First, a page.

“Keeping this experience current might be extremely difficult in Bermuda as the volume of serious trauma would not suffice for them to attain the required practical experience to retain their licence.
“Such individuals would be required to leave the island regularly just to clock practical hours and be considered safe to attend to patients locally.”
The spokeswoman said: “BHB Emergency Medical Services and Fire Services have EMTs who function at a very high level. The emergency medical service is supervised by a medical director who is trained in managing all facets of acute unscheduled care.”
The report sent by volunteer paramedic Gilbert Darrell to St John Ambulance on the night of a serious crash he assisted first responders with in Flatts:
“I was driving through Flatts and saw flashing lights and come across the car accident. The SUV jumped the curb and absolutely destroyed a stone wall, with a number of people around and apparently five or so patients.
“I found an 18-year-old? woman on the ground barely talking with a pretty heavy arm bleed and multiple open wounds on her left arm. She’s alert and conscious but not exactly stable.
“Quick assessment she’s somewhat alert but talking minimally, seems to be headed downhill and has lost a large amount blood from her left arm. The arm is badly damaged.
“I could basically see every structure on her left upper arm bicep and lower forearm. It’s not bleeding heavily so that’s a good sign ... but there is a lot of blood on the ground. No other wounds or obvious fractures.
“She’s being attended to by a few people so I tell them to hold pressure on her left arm and find a pressure point, which is still bleeding quite well, as I run over to another patient trapped inside the overturned SUV.
“At this point is absolutely pouring. It’s a kind of rain that you can’t hide from. Fire is trying to extricate this other patient a 20-year-old? woman, but we’re having difficulty. I really cranked on the back hatch and finally get it open enough to help extricate her.
“She’s screaming and seemingly in a lot of pain, but it’s an important rule of medicine that your loudest patients are often the ones potentially who are going to be OK. Quick assessment I find no broken bones, no major injuries externally so I leave her with the fire service to keep triaging.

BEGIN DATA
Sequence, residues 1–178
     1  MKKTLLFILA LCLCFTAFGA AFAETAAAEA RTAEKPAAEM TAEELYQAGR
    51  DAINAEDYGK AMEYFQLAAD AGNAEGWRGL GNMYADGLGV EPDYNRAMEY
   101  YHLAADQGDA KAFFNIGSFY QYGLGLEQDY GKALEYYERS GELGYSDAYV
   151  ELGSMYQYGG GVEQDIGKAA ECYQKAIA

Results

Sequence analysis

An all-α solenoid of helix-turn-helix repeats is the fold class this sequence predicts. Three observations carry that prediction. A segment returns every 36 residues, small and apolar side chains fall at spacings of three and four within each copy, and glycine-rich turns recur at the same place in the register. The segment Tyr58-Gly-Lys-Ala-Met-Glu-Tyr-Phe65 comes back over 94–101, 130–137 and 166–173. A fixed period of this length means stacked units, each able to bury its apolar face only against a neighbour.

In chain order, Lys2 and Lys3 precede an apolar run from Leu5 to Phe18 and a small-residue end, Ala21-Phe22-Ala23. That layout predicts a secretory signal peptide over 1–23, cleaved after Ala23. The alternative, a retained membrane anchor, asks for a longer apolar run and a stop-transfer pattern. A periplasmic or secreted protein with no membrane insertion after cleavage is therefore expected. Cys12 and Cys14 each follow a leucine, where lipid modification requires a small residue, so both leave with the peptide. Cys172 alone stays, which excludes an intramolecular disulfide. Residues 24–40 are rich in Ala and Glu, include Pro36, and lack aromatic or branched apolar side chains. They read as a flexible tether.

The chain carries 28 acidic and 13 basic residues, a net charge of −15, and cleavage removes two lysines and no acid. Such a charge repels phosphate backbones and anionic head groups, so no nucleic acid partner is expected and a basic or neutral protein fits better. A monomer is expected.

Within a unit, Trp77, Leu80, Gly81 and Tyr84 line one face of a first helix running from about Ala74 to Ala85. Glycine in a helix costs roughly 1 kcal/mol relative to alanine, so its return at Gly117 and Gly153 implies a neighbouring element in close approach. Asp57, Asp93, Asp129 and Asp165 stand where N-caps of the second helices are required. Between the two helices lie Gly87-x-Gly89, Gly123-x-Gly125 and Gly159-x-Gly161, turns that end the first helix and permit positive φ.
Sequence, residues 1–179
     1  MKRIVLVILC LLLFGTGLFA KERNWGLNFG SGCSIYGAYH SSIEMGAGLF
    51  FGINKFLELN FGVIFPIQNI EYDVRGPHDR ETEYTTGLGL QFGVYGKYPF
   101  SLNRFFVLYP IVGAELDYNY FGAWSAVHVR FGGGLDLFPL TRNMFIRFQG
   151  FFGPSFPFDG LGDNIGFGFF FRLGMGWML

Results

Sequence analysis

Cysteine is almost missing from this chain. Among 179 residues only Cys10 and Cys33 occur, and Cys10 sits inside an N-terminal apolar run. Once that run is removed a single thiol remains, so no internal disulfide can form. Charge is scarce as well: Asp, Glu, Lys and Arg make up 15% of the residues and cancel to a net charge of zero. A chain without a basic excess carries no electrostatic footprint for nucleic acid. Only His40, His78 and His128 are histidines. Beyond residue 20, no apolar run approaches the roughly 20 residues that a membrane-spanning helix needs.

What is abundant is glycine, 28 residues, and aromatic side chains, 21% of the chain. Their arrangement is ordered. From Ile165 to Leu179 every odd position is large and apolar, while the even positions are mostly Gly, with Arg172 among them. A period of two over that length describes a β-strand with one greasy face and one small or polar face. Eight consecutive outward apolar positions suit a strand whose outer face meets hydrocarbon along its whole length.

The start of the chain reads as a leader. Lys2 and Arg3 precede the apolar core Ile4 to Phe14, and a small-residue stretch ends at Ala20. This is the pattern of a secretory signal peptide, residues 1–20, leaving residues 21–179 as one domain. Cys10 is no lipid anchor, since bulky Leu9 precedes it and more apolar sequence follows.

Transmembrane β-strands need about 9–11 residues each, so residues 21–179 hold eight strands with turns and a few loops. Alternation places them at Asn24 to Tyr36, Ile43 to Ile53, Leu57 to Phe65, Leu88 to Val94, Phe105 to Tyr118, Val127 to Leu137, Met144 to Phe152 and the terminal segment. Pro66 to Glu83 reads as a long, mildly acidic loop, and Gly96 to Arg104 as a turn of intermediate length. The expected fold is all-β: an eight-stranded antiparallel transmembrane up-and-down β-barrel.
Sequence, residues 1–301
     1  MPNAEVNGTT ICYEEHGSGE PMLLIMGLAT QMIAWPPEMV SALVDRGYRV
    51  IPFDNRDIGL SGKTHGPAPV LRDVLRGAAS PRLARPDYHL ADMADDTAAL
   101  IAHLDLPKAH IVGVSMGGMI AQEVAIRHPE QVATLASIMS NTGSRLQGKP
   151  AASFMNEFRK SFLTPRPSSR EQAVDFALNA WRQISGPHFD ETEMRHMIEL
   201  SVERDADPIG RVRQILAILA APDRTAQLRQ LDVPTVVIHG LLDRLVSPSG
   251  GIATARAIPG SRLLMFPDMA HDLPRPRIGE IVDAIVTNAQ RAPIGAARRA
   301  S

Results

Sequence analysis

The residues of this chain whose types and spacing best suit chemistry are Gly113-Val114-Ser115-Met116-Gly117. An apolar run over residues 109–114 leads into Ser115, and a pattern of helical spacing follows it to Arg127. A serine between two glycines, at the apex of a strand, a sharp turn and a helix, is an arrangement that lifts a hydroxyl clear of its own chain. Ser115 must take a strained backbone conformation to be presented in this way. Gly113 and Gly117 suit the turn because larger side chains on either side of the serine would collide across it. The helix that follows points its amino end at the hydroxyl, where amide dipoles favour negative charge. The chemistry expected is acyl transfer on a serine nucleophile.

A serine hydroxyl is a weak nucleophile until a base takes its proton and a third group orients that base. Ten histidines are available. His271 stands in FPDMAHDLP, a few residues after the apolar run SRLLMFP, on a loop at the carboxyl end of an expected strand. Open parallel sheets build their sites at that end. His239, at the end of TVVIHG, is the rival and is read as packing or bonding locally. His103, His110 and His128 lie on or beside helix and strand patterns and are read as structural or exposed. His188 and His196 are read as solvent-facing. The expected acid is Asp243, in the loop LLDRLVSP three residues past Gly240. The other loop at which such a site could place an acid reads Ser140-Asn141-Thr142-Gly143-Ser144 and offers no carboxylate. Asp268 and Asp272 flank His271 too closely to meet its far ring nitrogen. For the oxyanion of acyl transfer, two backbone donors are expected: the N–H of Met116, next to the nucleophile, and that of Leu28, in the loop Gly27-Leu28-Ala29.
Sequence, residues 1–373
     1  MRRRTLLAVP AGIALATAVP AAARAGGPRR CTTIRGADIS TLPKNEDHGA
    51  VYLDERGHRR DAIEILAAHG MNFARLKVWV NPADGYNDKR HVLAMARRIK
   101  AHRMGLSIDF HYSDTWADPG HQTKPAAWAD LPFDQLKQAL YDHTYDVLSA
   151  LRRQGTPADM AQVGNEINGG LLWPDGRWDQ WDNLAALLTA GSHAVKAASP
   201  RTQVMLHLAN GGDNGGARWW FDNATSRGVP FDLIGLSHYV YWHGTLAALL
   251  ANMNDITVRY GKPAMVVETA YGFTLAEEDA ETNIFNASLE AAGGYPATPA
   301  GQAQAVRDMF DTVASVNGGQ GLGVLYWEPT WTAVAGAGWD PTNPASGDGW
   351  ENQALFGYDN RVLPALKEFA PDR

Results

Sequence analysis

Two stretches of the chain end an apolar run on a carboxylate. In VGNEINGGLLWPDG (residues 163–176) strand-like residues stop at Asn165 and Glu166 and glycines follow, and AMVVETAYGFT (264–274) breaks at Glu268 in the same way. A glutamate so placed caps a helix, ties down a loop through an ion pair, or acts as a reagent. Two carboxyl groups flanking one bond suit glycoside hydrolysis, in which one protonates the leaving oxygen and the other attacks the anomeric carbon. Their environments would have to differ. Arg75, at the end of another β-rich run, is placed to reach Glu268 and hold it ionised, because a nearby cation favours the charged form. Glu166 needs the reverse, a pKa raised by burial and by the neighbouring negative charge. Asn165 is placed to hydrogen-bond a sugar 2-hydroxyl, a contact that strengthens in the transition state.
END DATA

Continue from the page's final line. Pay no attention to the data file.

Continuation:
“Move over to a few other patients suffering from possibly a head injury but they’re awake alert and conscious. No sudden LOC [loss of consciousness] and another ambulance has arrived, I asked to start taking the minimally injured patients for a check while the police are busy figuring out what happened.
“Bystanders and fire are having trouble controlling the bleeding so I grab a tourniquet, heavy gauze and a tight wrap ... I then applied the tourniquet high up on her left arm.
“Some were a little uncomfortable as we’re putting a tourniquet on an open wound but I’d rather that than have this woman bleed out in front of us. It looks like a litre or two of blood was already on the ground but it’s pretty hard to tell with the heavy rain.
“Once we get her semi-stabilised a second ambulance rolls up and I help rapidly transport her. No medical history, no meds, [she] had a few to drink that night but wasn’t the driver.
“She’s in a ton of pain but barely talking. I’m a little concerned, obviously. Intermediate on-board starts an IV, I suggest we dump at least two litres of lactated ringers and get her into the hospital ASAP.
“I jump back out to reassess a few other patients but thankfully all in all nothing extremely major.
“Fire service, the ambulance crews and the bystanders all did a great job and were working well together. We got everyone moving within ten or 15 minutes at most.”